Address to the Osage

Image: Osage War Dance, Zotom (Biter/Zo-tom/Paul Caryl Zotom) (Fort Marion, Florida: c.1875) National American Indian Museum.
What arguments did Tecumseh make to the Osage, a Plains tribal nation far from the Great Lakes and the Midwest? Tecumseh’s vision was a grand alliance of all Indian tribes against the United States. What were the obstacles to this? What were its inherent weaknesses?
>How was Tecumseh’s rebellion similar to Pontiac’s? How was it different from Wovoka’s Ghost Dance movement?

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Tecumseh (c. 1768–1813) was a Shawnee warrior and leader. He worked with his brother Tenskwatawa and used his brother’s vision to attempt to forge all Native tribal nations into a single grand alliance to unite and retake their lands from whites. He succeeded in drawing large numbers of warriors to his cause.

Territorial governor of Indiana William Henry Harrison (1773–1841) disapproved of Tecumseh’s gathering force and sought to undermine it by negotiating land cession treaties with individual tribes. During 1810 and 1811, Tecumseh traveled extensively from the Great Lakes to the Gulf of Mexico to recruit tribal nations to join him. While he was away on one of his embassies, Harrison marched a force of nine hundred men to Tecumseh’s headquarters, Prophetstown (after his brother, Tenskwatawa, the Shawnee Prophet), on the Tippecanoe River. The Americans routed the Indians and burned Prophetstown. Tecumseh attempted to construct his alliance and fought for the British during the War of 1812. He died at the Battle of the Thames in Canada on October 5, 1813. Tecumseh delivered the speech below to the Osage, a southern Plains tribe, during his 1811 tour.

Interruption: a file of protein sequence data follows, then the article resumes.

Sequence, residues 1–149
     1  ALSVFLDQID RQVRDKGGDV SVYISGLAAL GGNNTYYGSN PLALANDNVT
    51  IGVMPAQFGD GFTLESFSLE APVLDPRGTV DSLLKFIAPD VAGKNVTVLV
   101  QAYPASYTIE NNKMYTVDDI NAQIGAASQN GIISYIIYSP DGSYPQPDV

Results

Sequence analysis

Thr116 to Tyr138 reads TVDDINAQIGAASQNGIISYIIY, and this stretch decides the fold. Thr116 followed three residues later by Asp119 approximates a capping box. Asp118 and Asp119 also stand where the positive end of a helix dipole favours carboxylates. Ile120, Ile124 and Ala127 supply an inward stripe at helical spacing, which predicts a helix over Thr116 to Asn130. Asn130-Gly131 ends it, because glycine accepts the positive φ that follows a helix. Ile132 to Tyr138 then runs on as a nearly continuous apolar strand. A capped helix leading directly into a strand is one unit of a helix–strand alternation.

—Jace Weaver

D. B. Read, Life and Times of Major-General Sir Isaac Brock (Toronto: W. Briggs, 1894), 174–176,

Brothers—We all belong to one family; we are all children of the Great Spirit; we walk in the same path; slake our thirst at the same spring; and now affairs of the greatest concern lead us to smoke the pipe around the same council fire!

Brothers—We are friends; we must assist each other to bear our burdens. The blood of many of our fathers and brothers has run like water on the ground, to satisfy the avarice of the white men. We, ourselves, are threatened with a great evil; nothing will pacify them but the destruction of all the red men.

Brothers—When the white men first set foot on our grounds, they were hungry; they had no place on which to spread their blankets, or to kindle their fires. They were feeble; they could do nothing for themselves. Our father commiserated their distress and shared freely with them whatever the Great Spirit had given his red children. They gave them food when hungry, medicine when sick, spread skins for them to sleep on, and gave them grounds, that they might hunt and raise corn.

Brothers—The white people are like poisonous serpents: when chilled, they are feeble and harmless; but invigorate them with warmth, and they sting their benefactors to death.